This is part 2 of 6 blog posts on my grandfather’s home village of Hoffnungstal, Bessarabia (now Ukraine).
Prospering through agriculture
The land available for farming also expanded. The village was initially granted about 14,000 acres of land. In 1897, they purchased 675 acres, and in 1899, they purchased another 1,100 acres from Countess Tolstoi. They also leased a great deal of land from the Princess Gagarin.
The rolling hills surrounding Hoffnungstal made transport in and out of the village difficult, especially with heavily loaded wagons. But soil in the area was very rich and good for many crops with little need to fertilize it. The Hoffnungstal farmers practiced crop rotation, but due to the high quality of their soil, they didn’t need to let the ground lay fallow in alternating years. The land supported a number of different crops, including (as of 1940) wheat, barley, oats, corn, soybeans, potatoes, rye, castor beans, millet, sun flowers, rape, mustard, flax, beets, watermelons, and pumpkins.
“The people of Hoffnungstal were real farmers, plain, firm but open-hearted, just and hospitable … Land, land, was the password of the farmers of Hoffnungstal … To buy or rent more land was always the aspiration of Hoffnungstalers, since they had pride in farming. Their machines had to be modern and in good repair in order to carry on the work of growing grapes and grain …” (Hoffnungstal Heimatbuch, p. 29-30).
This hunger for land drove many Hoffnungstalers in the late 1800s and early 1990s to immigrate to the U.S., Canada, the Crimea, the Caucasus, West Siberia, and Brazil in search of new opportunities to develop their own land.
Commercial buyers bought wine directly from the farmers, however, the farmers had to haul their grain to the market themselves. Hoffnungstal farmers usually hauled their grain either to the train station at Beresina (about 11 miles) or to the county seat of Akkerman (56 miles). To get the best profit, some farmers took their produce to the large harbor city of Odessa (90 miles). However, this port was lost after WWI when Bessarabia (including Hoffnungstal) was annexed to Romania, while Odessa continued as part of Russia.
A farmers’ cooperative handled marketing the colonists’ produce. With Hoffnungstal’s agriculture as the main business and the marketing of the produce in German hands, the village was considered one of the most economically sound in Bessarabia.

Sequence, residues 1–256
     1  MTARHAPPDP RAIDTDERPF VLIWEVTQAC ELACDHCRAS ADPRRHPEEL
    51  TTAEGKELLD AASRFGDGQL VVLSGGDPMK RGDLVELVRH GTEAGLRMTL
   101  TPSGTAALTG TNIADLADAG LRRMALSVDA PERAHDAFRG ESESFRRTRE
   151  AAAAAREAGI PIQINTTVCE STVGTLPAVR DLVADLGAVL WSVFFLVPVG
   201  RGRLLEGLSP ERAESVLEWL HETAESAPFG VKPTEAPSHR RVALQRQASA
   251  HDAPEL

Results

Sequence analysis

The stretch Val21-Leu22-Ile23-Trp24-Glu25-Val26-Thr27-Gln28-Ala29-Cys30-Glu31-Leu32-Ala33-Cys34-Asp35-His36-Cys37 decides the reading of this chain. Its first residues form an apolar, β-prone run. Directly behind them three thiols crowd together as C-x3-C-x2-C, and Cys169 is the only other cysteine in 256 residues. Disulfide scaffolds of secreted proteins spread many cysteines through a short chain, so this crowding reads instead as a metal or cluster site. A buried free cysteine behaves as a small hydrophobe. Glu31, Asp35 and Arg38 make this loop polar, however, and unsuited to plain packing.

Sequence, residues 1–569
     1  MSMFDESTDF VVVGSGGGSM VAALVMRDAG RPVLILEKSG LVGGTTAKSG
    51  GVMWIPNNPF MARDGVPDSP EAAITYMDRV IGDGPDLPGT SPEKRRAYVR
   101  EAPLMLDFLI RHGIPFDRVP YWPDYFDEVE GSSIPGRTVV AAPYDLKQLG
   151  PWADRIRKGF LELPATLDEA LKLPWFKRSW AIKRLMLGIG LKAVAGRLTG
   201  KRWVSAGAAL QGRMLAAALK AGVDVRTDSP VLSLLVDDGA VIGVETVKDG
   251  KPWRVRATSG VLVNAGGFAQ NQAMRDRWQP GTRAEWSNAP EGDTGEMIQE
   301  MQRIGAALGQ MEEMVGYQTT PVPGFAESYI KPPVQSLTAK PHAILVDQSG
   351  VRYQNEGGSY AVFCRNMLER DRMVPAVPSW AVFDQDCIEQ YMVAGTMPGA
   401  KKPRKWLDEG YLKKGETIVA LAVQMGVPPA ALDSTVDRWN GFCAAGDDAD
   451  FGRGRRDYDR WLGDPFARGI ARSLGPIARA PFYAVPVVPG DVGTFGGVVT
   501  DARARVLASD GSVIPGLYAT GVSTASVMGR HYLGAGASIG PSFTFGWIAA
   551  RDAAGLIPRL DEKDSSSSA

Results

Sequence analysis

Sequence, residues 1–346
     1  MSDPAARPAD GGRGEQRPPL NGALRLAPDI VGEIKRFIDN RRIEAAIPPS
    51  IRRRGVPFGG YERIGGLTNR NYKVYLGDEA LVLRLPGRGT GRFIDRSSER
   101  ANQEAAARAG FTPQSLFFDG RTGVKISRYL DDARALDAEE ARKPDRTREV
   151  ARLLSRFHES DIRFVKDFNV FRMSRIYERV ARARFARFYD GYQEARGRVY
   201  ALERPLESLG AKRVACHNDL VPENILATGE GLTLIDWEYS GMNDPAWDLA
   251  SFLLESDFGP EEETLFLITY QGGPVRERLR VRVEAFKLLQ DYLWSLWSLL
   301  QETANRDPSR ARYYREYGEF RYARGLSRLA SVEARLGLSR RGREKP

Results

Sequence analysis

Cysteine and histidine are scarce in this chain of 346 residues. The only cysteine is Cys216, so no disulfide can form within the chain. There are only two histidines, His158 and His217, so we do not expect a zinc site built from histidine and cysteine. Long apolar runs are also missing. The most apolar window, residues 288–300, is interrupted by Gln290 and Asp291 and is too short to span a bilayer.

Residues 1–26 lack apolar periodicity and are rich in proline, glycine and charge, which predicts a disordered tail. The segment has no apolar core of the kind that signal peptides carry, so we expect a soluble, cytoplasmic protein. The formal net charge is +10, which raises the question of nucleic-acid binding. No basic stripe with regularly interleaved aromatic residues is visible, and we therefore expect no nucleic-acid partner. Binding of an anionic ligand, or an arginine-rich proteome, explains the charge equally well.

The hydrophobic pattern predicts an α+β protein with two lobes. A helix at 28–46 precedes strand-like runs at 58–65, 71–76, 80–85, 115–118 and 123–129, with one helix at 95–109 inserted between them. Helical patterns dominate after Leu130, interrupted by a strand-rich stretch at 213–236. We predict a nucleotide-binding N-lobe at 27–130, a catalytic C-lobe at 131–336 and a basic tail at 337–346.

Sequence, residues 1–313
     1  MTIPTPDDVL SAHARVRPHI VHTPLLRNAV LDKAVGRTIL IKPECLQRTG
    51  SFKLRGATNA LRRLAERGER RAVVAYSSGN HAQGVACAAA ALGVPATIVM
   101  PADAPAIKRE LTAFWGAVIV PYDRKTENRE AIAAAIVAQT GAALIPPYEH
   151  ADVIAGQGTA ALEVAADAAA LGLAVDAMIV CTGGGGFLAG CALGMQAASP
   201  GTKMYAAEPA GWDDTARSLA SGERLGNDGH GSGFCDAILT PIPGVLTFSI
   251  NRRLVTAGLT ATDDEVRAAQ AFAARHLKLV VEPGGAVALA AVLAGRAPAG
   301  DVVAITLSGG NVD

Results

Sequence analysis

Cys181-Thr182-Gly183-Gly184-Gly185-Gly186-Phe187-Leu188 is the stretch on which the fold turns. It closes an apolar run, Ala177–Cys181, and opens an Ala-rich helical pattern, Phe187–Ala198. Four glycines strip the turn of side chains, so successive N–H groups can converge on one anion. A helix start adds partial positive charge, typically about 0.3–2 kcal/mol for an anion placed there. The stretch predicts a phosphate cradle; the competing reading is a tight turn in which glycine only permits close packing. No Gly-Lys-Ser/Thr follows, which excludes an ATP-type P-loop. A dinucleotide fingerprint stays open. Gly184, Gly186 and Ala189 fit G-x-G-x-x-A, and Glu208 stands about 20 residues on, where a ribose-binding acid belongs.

Sheep and cows and horses, oh my!
Hoffnungstal farmers raised animals in addition to agricultural farming. Sheep were popular for their low expense and high income from wool, cheese, and the sale of lambs. Some milk cows and beef cattle were maintained, although profits from cow’s milk were small and the primary market for beef cattle was in Odessa.
However, the pride of the Bessarabian farmer was the Bessarabian horses. “In Bessarabia the horse is like family … love and care are given to the horse ahead of all other animals.” (Diary of the Village Assessor of Hoffnungstal, Hoffnungstal Newsletter 3-3.) Farmers often owned large numbers of horses as this was a measure of their reputation and village standing.
Careful attention was paid to maintaining a good breed, and the favorite color to breed for was black. The horses were based on the old Arabian pure-breds. “The last breeding stallion from the upper village, a beautiful animal, was auctioned off for 63,000 Lei. This horse was taken to Germany with a few other especially selected horses.” (Hoffnungstal, p. 31) [Note: This was approximately $10,000 and probably occurred about 1940. This price would put the horse in the category of an exceptional stud of National Champion status.]
Hoffnungstal’s varied businesses
Hoffnungstal also had several mills used for making flour and oil. The first steam-driven mill was built by Friedrich Schott in the late 1800s. (He later sold the mill to finance his family’s immigration to America.) Farmers from many of the surrounding villages came to Hoffnungstal to use the mills.
Although the main occupation in Hoffnungstal was farming, there were many craftsmen in the village as well. Sometimes they practiced their craft as a sideline; sometimes it was their main occupation. In 1940, the primary trades represented included metal workers, blacksmiths, carpenters, cartwrights, shoemakers, harness makers, mill owners, and game keepers. There were also individuals who were coopers, tailors, brick makers, quarrymen, land surveyors, night watchmen, roofers, and midwives. There was also a butcher, a beekeeper, a truck garden farmer, a cistern finisher, and a gravedigger. “Roaming” craftsmen, who did work on a commission basis, included watchmakers, a sewing machine repairman, a pots and pans repairman, and a knife grinder. Moldavians often were hired as cattle herdsmen, and Russians did sheep shearing on a seasonal basis.
Hoffnungstal’s economic connection with the village of Beresina was especially important, because it was a source of wood for Hoffnungstal’s carpenters and wagon makers, as well as the nearest train station.
(To be continued)